(a) when power is fed from Port2. Such coupling not only reduces
the radiation efficiency, but also causes interference between
Port2
I out 2 Out of phase combination the transmitting and receiving parts of the system. A traditional
method to suppress the coupling is to integrate filters into the
microstrip line, but these filters will add complexity to the
antenna.
In the proposed design, instead of suppressing the coupling
between the dual ports inside the elements, the coupling is
reduced by employing disparate elements. For simplicity, a
2-element array fed with identical amplitude and phase is taken
Iin as an example, as shown in Fig. 2(a). Suppose a current signal
Port1 in is fed into the feed network of RHCP through Port1 and it is
(b) split equally into 2 paths by the power divider. Then each path
Fig. 2. The current paths in (a) the conventional and (b) the proposed array.
passes across the corresponding patch with a coupling
coefficient , and the two paths merge in the feed network of
both dual band and orthogonal circular polarizations in a shared LHCP, where the currents flow to the output at Port2. The
aperture is presented. Based on the element of stacked patches current paths are indicated with solid line in Fig. 2.
with corner truncation, disparate elements are introduced to Lets consider the phase variation in each path. Suppose the
construct the array to improve the port isolation. electrical length of the total feed lines in each path is .
1
This paper is organized as follows. The working principle of Then the current in each path is . Owing to
2
the antenna is briefly described in Section II, and in Section III, symmetry, the magnitude of the combined current in Port 2 in
a prototype 4-element array is designed and fabricated, with Fig. 2(a) becomes
simulation results verified by experiments. Based on the
4-element array, the simulation results of a 256-element array 1
|out1 | = | 2| | | (1)
are reported in Section IV. Finally, concluding remarks are 2
given in Section V. where the loss in the feed network is not considered. This
simple analysis shows that the coupled power from the division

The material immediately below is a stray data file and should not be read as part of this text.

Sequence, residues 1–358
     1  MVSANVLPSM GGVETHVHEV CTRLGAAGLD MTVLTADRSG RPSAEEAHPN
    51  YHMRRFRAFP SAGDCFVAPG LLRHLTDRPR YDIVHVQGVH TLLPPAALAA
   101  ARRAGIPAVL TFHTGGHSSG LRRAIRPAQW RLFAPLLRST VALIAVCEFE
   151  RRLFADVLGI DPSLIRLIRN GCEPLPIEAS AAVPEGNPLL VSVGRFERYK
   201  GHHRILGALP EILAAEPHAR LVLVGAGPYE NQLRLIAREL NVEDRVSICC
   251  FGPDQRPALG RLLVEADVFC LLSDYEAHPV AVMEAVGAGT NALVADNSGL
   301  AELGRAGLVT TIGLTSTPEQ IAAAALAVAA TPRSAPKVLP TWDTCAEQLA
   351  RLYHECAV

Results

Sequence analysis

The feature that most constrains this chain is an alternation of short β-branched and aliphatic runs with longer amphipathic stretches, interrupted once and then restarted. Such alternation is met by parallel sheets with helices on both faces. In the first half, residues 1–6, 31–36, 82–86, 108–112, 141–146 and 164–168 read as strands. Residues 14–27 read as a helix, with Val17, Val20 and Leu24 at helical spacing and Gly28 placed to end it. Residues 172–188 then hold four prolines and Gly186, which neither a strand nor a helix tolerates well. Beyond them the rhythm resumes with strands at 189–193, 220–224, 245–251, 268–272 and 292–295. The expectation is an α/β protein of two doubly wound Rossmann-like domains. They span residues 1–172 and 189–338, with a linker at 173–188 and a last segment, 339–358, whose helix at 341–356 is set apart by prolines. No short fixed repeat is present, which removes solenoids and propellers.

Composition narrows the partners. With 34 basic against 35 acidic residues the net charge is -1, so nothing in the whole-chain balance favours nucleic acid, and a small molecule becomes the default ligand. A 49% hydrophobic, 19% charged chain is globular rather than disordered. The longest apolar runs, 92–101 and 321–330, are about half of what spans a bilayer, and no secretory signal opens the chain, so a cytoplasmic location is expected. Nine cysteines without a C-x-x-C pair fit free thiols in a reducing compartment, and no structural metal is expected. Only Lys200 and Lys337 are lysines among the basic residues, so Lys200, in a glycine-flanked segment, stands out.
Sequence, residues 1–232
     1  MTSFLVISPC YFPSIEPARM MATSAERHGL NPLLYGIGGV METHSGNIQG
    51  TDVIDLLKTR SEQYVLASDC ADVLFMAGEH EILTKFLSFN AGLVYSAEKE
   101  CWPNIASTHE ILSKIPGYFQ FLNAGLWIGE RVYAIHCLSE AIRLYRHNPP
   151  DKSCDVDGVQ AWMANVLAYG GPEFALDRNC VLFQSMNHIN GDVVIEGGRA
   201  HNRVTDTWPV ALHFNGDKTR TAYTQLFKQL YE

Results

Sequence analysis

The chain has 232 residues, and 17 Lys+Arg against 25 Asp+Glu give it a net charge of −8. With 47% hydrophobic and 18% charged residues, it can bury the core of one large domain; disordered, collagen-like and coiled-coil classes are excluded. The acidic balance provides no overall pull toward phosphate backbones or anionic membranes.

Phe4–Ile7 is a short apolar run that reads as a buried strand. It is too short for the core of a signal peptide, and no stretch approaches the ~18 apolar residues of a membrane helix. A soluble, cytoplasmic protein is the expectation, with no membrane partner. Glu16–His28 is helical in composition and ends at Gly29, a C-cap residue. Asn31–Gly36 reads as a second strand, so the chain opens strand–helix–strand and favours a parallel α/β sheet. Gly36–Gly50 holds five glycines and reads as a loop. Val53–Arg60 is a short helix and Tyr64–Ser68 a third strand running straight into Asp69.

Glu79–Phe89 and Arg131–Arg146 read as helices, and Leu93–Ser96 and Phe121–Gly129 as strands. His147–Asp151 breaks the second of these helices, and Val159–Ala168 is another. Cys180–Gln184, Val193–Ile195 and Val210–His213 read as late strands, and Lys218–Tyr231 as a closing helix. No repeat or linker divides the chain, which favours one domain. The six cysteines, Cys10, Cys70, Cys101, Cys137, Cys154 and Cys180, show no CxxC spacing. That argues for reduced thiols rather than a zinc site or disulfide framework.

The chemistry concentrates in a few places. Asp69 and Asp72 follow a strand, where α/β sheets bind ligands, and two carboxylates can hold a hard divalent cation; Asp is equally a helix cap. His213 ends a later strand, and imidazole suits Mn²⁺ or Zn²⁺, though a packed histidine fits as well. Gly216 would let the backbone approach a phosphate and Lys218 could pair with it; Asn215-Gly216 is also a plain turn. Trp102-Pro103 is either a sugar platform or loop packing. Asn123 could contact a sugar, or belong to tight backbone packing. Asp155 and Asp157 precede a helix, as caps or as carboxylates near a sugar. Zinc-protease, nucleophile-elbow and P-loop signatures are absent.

II. ANTENNA CONFIGURATION AND ARRAY DESIGN of the feed network in one polarization will be combined in
Owing to its broad bandwidth [8], the stacked patch antenna phase at the port of feed network in the other polarization.
is selected as the antenna element as shown in Fig.1, which To suppress |out | inside the array, we exploit the design
consists of three substrate layers. Two patches, the upper square freedom of coupling coefficient . Note that is identical in
patch with a side length of PU and the lower square patch with a each element only under the condition that the sizes of all the
side length of PL, are printed on the upper substrate and the elements are the same. In this design, disparate antenna
middle substrate, respectively. Both patches have their corners elements are employed in the array where the side lengths of the
truncated in the same diagonal. The truncated sizes are patches, including the upper and lower patches, are no longer
indicated as U1 , U2 , L1 , L2 , respectively. Two orthogonal identical. This new configuration is shown in Fig. 2 (b) in
modes, TM01 and TM10, are excited by the perturbation, and contrast to the conventional approach shown in Fig. 2 (a). The
when these two modes have the same amplitude and 90o phase size of the right element is larger than that in a conventional
difference, CP radiation is generated. Fig. 2 shows the method array, while the left element is smaller. Owing to the difference
of feeding a pair of such antenna elements to achieve two in , (1) is now rewritten as:
orthogonal polarizations, with Fig. 2(a) depicting the
conventional method and Fig. 2(b) the proposed method to be 1 1
explained later. Two microstrip lines, printed on the bottom |out2 | = | + |
2 2
side of the lower substrate and the upper side of the middle 1 1 1 2
| 1 + 2 | | | (2)
substrate, are employed to excite LHCP radiation by probe 2 2

feeding from the back and RHCP by side feeding, respectively. where and are the coupling coefficient of the left and
The feed lines for the two polarizations are separated by the right elements, and 1 , 2 , 1 , 2 are the corresponding
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Element1 Element2
-10 -100 U1
-200
U1
Magnitude of A / dB

Phase of A / degree
-20 L1
-300 PU L1 PL
-30 PL=6.5mm
PL=6.5mm PL
U L2
-400 PU
U2 L2
PU=6.5mm
PU=6.5mm
PU=6.8mm
U22
-40 PU=6.8mm -500
PU=7.1mm
PU=7.1mm
PU=7.5mm PU=7.5mm
-50 -600
11 12 13 14 15 11 12 13 14 15
Frequency / GHz Frequency / GHz

(a) (b) LHCP RHCP


Fig. 3. The effect of PU on the (a) magnitude and (b) phase (a)
of coupling coefficient

0 100

0
Magnitude of A / dB

-10
Phase of A / degree

-100
-20 PU=7.5mm PU=7.5mm
PL=6.0mm PL=6.0mm
PL=6.2mm -200 PL=6.2mm
-30 PL=6.4mm PL=6.4mm
PL=6.6mm PL=6.6mm
-300
11 12 13 14 15 11 12 13 14 15
Frequency / GHz Frequency / GHz
(a) (b)
Fig. 4. The effect of PL on the (a) magnitude and (b) phase (b)
of coupling coefficient Fig. 5. The 4-element array (a)the half part of the prototype and (b) the
fabricated one
magnitudes and phases, which are determined by the sizes of
the patches. If 1 2 , the currents will be combined out of Table I. The parameters of the elements (mm)
phase, as indicated in Fig. 2(b), where the direction of the left PL PU L1 L2 U1 U2
path is changed after it passes through the element to emphasize Element1 6.985 6.953 1.341 1.948 1.250 2.097
the phase difference. This may yield a suppressed coupling